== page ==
With Andy Mannix
|The bar back in the 1950s, when it was still the CC Tap and offered live music and dancing.|
When David Prass bought the CC Tap in 1974, it was a 3.2 beer joint that had live music and a stage. Prass re-named the bar the CC Club, and transferred the liquor license over from his father's old bar. Along with the booze came new restrictions on the kind of entertainment the CC could offer, including no more bands. But the bar could still have a jukebox.More »
Over the next decade-plus, as the CC Club became the center of Minneapolis's rock scene, its juke became legendary. The employees at the record store across the street would walk over with new records, and the bands who hung out there, including the Replacements and Soul Asylum, would drop off their singles to be added into the rotation. The juke became symbolic: If it was still playing, the bar was still swinging (several stories begin with some variation on, "It was like 1 o'clock, the jukebox hadn't been turned off yet..."). And if a local band's CD showed up in the juke, it was a sign they had made it.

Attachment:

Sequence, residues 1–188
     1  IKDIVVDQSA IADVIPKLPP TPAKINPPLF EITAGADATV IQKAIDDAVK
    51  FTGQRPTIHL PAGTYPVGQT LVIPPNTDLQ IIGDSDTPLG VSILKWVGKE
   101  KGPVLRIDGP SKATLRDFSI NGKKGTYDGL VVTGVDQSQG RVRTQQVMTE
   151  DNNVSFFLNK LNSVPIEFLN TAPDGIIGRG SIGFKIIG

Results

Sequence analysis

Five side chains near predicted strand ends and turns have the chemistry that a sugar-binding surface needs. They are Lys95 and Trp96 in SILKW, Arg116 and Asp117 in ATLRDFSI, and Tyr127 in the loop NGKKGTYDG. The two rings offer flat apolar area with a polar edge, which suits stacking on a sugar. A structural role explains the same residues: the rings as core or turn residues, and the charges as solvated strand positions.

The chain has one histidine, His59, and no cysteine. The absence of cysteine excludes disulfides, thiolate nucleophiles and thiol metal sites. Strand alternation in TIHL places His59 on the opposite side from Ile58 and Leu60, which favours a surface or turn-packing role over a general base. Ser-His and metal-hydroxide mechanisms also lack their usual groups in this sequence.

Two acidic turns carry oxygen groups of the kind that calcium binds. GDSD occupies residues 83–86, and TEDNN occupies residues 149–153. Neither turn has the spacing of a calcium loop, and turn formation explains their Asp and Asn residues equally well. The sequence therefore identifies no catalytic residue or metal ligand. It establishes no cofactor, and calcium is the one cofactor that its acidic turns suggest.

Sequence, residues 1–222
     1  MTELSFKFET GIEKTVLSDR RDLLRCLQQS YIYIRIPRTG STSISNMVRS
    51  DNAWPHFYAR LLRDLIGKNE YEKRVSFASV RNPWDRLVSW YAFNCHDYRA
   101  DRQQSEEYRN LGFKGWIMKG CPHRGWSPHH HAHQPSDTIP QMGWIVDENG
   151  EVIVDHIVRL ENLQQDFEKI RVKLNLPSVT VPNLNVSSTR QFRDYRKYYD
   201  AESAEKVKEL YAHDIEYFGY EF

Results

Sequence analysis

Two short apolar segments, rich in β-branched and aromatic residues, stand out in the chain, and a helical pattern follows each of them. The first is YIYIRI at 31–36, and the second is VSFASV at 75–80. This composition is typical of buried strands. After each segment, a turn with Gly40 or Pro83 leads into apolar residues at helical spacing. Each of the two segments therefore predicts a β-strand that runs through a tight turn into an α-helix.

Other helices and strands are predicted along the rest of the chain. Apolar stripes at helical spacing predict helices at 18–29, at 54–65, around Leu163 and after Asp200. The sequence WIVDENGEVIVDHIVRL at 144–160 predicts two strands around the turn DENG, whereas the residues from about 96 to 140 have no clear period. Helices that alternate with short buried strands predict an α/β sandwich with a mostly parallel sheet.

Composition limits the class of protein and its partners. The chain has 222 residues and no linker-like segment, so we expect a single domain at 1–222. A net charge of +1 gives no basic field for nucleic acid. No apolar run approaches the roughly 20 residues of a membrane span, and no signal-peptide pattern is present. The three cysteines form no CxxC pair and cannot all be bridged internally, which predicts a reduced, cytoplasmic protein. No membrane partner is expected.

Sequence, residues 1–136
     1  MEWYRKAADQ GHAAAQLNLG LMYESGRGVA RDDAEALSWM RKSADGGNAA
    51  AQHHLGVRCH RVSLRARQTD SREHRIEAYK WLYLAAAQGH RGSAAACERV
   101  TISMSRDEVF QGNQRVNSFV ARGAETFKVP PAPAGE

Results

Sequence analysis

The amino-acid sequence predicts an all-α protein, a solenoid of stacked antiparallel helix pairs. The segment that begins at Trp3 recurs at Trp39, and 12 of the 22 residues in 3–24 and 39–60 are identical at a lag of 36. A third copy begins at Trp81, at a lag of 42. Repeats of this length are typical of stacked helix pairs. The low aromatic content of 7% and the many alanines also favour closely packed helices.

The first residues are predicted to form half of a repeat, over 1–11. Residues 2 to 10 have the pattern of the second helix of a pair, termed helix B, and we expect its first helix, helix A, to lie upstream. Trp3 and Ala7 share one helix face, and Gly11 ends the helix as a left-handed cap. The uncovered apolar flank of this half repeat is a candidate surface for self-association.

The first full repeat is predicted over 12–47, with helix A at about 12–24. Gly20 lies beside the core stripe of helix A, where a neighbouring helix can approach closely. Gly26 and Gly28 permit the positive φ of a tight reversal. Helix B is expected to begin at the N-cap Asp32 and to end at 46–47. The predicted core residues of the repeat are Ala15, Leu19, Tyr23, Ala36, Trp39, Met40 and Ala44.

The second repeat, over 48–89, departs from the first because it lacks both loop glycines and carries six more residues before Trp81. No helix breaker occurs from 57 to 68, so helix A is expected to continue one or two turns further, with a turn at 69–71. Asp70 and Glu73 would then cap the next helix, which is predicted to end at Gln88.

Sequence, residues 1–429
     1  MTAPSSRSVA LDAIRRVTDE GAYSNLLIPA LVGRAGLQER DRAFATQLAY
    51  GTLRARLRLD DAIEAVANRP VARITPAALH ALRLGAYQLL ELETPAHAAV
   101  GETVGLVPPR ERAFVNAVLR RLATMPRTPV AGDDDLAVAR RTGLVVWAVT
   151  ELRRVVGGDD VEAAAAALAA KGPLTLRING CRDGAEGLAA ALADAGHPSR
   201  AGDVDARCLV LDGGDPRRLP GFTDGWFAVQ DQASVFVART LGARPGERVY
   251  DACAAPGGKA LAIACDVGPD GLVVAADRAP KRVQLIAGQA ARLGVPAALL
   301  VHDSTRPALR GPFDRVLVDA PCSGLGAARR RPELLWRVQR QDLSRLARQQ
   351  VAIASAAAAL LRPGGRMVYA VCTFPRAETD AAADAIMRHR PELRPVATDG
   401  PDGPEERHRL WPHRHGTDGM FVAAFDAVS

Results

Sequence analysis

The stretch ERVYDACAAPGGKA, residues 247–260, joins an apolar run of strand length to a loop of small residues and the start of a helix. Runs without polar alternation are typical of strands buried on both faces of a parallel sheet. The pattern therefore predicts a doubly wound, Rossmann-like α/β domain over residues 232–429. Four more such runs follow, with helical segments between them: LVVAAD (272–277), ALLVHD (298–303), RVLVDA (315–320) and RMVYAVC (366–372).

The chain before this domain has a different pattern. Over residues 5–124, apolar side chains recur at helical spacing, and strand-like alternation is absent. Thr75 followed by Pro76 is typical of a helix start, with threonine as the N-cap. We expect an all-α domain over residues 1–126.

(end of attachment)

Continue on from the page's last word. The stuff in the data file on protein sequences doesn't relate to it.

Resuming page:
About two years ago, the CC traded its carefully curated old jukebox for a digital one that can play thousands of songs. The greater catalog has meant increased revenue for the bar's owners, but also the feeling that, as Soul Asylum's Dave Pirner puts it, "That era is gone."
- COVER: Here Comes a Regular: An Oral History of the CC Club
- Slideshow: Behind the scenes: The CC Club, an oral history
- Best Jukebox 1998 and 1999